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Buddhism. Buddhism; A Statement The Major Expressions of Buddhism zTheravada yThe Teaching of the Elders (The lesser vehicle) xSri Lanka xBurma xThailand.

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Presentation on theme: "Buddhism. Buddhism; A Statement The Major Expressions of Buddhism zTheravada yThe Teaching of the Elders (The lesser vehicle) xSri Lanka xBurma xThailand."— Presentation transcript:

1 Buddhism

2 Buddhism; A Statement

3 The Major Expressions of Buddhism zTheravada yThe Teaching of the Elders (The lesser vehicle) xSri Lanka xBurma xThailand xCambodia xLaos zMonastic life and Meditation z Mahayana yThe Greater Vehicle xNepal xTibet xChina xKorea xMongolia xJapan z Compassion for other creatures

4 The Other Expressions zZen yMystical xmind to mind transmission yStrong Meditation emphasis xKoans “Listen to the sound of one hand clapping” yAustere, Stark z Tibetan yVarious indigenous pieces xChakras xSexual Union xColorful Ritualisim

5 Sidhattha Gautama zBorn approximately 500 BCE zIn the warrior caste (Kshatriya) zBrahminisim ycorrupt zLeft home with 5 companions ymeditation, mortification, enlightenment

6 Enlightenment zThe cause of suffering in this world, and endless reincarnations, is selfish craving! yRenunciation, renunciation, renunciation xKnown as the DUKKHA zA teaching ministry begins, first with the 5, then throughout Asia

7 Buddhist Monasticism zMonkhood ylearn the disciplines yobserve older monks yMonks NOT priests xno vows, no rules of obedience yMonastery is a refuge from the snares of the world zThe Saffron Robe ysimplicity

8 The Middle Way zHigh way yasceticism, mortification, complete renunciation of ALL things worldly zLow way yeat, drink, be merry, if it feels good, DO IT! zMiddle Way ytakes the best of both ways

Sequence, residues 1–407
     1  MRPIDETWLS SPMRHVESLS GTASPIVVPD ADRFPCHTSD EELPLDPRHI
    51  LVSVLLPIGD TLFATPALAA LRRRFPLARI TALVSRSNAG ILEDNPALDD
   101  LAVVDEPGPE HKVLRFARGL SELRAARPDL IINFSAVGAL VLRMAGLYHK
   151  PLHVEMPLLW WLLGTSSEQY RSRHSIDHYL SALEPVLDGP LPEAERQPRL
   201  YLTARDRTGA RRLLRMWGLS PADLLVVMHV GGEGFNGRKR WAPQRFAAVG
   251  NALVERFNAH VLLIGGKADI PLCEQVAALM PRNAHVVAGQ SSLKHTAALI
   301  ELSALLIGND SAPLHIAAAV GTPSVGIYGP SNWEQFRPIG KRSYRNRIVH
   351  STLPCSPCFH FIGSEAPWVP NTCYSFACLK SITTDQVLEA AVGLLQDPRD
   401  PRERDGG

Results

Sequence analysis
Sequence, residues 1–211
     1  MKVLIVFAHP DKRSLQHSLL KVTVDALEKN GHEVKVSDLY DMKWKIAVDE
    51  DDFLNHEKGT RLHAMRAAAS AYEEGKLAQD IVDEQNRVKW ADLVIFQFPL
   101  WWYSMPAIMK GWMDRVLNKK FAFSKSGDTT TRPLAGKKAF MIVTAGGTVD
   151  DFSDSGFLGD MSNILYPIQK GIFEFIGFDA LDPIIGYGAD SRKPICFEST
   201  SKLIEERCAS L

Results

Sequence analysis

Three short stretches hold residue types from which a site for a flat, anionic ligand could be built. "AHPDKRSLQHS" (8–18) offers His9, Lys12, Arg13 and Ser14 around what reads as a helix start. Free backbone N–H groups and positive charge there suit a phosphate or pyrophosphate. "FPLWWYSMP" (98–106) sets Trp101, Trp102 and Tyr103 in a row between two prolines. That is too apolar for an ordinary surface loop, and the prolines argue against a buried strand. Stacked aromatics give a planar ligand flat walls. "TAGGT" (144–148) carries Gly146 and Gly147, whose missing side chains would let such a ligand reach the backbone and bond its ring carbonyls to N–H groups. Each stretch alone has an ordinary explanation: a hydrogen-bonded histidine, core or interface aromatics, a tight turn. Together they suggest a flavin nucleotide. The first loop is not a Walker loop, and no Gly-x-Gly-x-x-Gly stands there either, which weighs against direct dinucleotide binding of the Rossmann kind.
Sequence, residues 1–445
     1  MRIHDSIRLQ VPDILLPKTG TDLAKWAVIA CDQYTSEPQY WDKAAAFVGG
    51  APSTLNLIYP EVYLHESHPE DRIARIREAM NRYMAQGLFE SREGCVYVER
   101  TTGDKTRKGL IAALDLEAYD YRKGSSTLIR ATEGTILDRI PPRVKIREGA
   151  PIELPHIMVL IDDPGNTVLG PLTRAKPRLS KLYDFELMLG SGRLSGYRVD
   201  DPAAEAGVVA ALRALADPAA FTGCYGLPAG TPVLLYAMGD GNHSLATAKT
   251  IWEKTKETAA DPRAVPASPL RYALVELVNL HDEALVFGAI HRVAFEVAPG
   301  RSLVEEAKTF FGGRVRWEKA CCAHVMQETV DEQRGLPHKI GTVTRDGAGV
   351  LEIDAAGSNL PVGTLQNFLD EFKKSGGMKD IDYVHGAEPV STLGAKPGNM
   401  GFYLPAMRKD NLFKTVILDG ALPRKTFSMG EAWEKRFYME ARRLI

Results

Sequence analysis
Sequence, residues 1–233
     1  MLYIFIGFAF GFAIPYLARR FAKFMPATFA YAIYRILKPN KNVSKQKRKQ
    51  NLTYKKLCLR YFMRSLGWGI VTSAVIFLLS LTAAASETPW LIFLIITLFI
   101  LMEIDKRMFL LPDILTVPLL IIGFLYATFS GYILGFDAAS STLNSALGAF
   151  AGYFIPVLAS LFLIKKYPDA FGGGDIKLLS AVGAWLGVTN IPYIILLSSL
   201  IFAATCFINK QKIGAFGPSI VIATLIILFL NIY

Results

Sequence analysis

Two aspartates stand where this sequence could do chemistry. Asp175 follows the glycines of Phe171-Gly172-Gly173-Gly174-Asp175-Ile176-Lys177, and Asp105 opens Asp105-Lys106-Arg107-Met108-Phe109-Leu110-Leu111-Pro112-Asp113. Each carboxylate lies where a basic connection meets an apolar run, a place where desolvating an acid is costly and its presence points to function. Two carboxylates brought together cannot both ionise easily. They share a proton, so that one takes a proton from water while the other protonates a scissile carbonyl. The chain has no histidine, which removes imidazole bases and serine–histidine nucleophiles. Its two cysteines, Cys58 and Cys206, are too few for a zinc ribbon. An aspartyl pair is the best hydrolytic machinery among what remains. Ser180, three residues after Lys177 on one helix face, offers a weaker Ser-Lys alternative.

9 Buddhism zThe Three Marks of Existence (of a soul) ypain, yimpermanence yegolessness

10 The Four Noble Truths zLife is frustrating and painful zSuffering has a cause yconstantly struggling to survive zThe cause of suffering can be ended. zThe way, or path to end the cause of suffering ymeditation

11 The Five Skandhas zForm yan identification with the panic and confusion zImpulse/perception yThe way we feel about the experience zConcept yto identify, or label the experience zConsciousness yEgo begins to churn thoughts and emotions around and around xsamsara literally, to whirl about zFeeling ythe way ego feels about its situation

12 The Six Realms zhungry ghost realm zanimal realm zhell realm zjealous god realm zgod realm zhuman realm

13 The Eightfold Path zRight view zRight intention zRight speech zRight discipline zRight livelihood zRight effort zRight mindfulness zRight concentration

14 The Goal zNirvana yIt has become equated with a sort of eastern version of heaven ycessation xcessation of passion, aggression and ignorance; the cessation of the struggle to prove our existence to the world, to survive

15 Buddhist Ethics zA skilled mind ya mind that is skilful avoids actions that are likely to cause suffering or remorse yMoral conduct for Buddhists differs according to whether it applies to the laity or to the clergy (Sangha) zAvoiding any actions which are likely to be harmful